The input involves acquisition of accurate and timely intelligence. Police officers in a department use revolutionary methods of collecting intelligence and information about criminal activities in their area (Turban & Volonino, 2011). This includes use of advanced techniques and computer software such as Geographic Information soft wares, exploratory graphs, and artificial intelligence.

The processing function is implemented through effective tactics whereby crime incidents and emergencies are not treated as isolated incidents. Other factors are considered during response to crime such as the social-environmental issues that could have contributed to the crime.Ths holistic approach ensures effective processing of data and information.

The output involves response measures such as rapid deployment. During situations of emergency, police bosses have to struggle with deployment of officers.

COMPOSAT however, enables them to allocate personnel resources strategically based on crime patterns and recent occurrences and enables them to allocate the tsk to the most qualified officers whereas the feedback option is seen through relentless follow-up and assessment.

This is because the efficiency of the police in reducing crime is constantly assessed through crime maps and statistics. The rate depends on the particular police department and it can be weekly or monthly. Unsuccessful tactics are then dispensed and replaced with more innovative ones.

How Information Systems have Enabled Fast Response to Crimes

Information systems such as COMPSTAT have helped police departments to respond to crimes faster through many ways. Police chiefs can allocate resources and personnel more effectively based on intelligence acquired through such information systems and are thus in a position to deploy faster.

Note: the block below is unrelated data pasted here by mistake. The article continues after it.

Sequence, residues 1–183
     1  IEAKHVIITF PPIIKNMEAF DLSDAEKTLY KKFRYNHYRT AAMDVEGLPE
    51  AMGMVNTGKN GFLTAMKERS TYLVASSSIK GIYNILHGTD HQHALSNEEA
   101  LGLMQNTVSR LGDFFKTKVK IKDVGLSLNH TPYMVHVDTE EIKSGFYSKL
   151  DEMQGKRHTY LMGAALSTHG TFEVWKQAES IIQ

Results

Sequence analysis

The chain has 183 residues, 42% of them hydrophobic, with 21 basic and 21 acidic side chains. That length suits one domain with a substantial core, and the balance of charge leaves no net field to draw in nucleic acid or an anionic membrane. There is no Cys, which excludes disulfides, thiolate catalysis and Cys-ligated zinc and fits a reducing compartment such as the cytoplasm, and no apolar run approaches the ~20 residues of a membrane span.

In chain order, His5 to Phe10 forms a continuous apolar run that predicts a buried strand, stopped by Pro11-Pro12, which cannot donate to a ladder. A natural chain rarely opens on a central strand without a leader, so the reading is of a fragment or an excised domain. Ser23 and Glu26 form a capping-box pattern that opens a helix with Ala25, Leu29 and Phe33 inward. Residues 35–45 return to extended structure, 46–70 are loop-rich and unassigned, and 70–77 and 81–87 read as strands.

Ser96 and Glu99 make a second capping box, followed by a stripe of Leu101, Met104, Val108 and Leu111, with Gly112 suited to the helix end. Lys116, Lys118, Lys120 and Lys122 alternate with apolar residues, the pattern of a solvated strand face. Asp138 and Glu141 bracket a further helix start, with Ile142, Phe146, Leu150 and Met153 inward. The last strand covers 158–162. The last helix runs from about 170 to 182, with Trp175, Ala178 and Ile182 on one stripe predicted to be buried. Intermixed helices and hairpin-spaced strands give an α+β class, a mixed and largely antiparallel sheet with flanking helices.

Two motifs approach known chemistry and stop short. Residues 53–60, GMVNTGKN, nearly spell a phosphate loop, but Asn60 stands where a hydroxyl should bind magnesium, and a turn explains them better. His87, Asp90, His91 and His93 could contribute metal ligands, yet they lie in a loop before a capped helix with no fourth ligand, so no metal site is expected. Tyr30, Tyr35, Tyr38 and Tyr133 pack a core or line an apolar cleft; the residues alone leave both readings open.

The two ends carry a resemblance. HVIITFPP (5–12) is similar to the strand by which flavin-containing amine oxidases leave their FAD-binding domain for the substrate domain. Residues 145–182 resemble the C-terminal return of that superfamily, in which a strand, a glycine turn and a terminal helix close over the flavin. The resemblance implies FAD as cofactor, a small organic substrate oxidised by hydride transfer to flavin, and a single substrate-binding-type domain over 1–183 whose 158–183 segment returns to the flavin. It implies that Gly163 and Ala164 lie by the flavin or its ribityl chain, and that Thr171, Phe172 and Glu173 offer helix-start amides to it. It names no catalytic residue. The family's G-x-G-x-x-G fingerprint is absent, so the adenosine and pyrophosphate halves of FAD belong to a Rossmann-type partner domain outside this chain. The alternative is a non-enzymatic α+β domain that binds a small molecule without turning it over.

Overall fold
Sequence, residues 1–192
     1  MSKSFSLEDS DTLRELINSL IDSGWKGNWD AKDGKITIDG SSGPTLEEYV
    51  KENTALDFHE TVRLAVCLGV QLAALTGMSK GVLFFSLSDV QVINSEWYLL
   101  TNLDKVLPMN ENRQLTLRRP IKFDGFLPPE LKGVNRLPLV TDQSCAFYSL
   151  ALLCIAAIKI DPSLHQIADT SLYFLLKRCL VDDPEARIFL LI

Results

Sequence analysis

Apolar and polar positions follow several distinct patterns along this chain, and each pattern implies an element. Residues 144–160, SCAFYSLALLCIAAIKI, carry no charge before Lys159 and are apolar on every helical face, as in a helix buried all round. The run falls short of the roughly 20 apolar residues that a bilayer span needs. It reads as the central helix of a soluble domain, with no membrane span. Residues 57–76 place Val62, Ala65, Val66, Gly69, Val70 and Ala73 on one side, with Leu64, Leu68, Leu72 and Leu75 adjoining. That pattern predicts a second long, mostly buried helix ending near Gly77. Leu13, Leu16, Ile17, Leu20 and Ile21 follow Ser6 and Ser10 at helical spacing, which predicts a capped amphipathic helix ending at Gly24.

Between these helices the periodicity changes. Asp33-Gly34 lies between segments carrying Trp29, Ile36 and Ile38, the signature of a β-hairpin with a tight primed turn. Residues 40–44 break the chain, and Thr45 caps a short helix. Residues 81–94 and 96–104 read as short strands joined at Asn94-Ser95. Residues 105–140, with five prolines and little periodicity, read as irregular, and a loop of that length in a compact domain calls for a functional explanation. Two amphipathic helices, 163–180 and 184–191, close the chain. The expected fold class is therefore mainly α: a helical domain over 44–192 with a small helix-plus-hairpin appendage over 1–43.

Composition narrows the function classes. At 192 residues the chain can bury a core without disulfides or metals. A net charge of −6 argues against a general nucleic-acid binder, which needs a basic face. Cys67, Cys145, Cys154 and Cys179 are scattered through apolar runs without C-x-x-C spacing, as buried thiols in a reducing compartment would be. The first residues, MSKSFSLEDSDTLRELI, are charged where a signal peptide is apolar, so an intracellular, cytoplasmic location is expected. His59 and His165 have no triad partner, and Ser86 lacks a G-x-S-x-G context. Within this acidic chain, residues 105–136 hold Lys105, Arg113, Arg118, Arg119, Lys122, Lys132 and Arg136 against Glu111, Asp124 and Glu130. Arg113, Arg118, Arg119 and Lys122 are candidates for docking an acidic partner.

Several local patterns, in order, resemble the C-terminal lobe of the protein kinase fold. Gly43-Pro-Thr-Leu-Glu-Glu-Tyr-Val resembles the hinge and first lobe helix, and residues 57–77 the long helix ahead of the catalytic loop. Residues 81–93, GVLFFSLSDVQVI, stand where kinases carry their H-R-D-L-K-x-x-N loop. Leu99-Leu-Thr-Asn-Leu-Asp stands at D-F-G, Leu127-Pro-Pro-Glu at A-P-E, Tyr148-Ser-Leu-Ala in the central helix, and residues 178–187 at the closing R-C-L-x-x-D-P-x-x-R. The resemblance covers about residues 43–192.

The information systems are used to detect fraud and identity theft through use of advanced statistics. Drug activities and drug cartels including the activities of drug-lords and their cronies are monitored by such systems thus police are able to respond faster when the masterminds try to put their plans into actions because they already have the blueprint.

Police are also able to provide quick relief in case of emergencies or disasters since the information systems can detect the occurrence of these events before they can happen.

Swot Analysis

A police department cannot apply predictive policing out of the blues or without a policy framework. Such a department may wish to consider a Strengths, Weaknesses, Opportunities and Threats (SWOT analysis).

Strengths of predictive policing are that it helps to prevent crimes, police are able to respond faster and public safety is enhanced. The weaknesses are that it requires hiring of specialists, it infringes on the individual’s right to privacy breaching The Fourth Amendment of The Constitution, and minorities can be easily targeted for commission of crimes.

There are many opportunities in predictive policing such as introduction of more advanced soft wares and statistics analysis methods and a department may boost public confidence due to reduction of criminal activities.

The threats are that criminals may hack into the information systems and access crucial and confidential data. Reduction of personnel may also lead to bad blood in the police force.

Conclusion

From the above discussion, it is clear that the introduction of information technology in the police departments has significantly influenced the performance of the police force. This is especially in terms of crime identification and solving.

Reference List

Beck, C. (2009). Predictive Policing: What Can We Learn from Wal-Mart and Amazon about Fighting Crime in a Recession? The Police Chief. Retrieved from:

Lum, M., & Kennedy, L. (2012). Evidence-based counterterrorism policy. New York: Springer.

Turban, E. & Volonino, L. (2011). Information technology for management: Improving strategic and operational performance. Hoboken, NJ: John Wiley.

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IvyPanda. (2019) 'Predictive Policing'. 11 June.